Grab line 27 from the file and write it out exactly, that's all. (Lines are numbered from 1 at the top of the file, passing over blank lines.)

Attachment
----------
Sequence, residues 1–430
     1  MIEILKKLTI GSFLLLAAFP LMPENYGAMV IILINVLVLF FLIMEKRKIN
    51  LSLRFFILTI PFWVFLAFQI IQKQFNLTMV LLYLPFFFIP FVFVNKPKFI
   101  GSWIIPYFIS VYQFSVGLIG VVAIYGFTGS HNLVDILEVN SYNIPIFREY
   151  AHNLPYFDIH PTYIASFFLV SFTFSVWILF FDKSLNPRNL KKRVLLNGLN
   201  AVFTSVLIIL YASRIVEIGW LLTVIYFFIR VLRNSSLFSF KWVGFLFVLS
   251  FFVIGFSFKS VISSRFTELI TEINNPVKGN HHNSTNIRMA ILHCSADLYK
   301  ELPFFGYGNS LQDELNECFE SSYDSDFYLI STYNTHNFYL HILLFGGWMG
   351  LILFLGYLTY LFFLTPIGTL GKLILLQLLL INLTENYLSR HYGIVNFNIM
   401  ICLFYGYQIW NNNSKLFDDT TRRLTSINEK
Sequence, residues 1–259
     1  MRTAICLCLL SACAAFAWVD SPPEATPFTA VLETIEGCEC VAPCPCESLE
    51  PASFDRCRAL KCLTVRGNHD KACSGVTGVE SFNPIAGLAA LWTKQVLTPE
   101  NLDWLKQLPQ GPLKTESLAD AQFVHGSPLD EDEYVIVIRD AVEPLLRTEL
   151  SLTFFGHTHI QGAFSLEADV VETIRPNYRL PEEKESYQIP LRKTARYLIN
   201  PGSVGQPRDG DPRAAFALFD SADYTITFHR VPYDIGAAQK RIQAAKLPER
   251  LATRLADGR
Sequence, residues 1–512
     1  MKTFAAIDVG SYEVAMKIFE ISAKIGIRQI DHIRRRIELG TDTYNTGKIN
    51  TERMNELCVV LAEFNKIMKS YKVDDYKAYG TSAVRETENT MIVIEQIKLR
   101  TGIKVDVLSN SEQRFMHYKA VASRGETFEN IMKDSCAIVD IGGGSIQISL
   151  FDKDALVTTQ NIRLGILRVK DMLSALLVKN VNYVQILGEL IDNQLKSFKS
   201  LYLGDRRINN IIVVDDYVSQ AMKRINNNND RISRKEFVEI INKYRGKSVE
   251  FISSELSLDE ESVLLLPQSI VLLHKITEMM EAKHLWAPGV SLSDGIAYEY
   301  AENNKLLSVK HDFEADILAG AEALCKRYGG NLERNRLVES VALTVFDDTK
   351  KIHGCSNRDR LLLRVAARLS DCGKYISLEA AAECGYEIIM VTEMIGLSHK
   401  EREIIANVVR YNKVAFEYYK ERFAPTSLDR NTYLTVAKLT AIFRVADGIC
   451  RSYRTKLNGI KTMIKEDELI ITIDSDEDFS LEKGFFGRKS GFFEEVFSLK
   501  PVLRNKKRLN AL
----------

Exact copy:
   401  EREIIANVVR YNKVAFEYYK ERFAPTSLDR NTYLTVAKLT AIFRVADGIC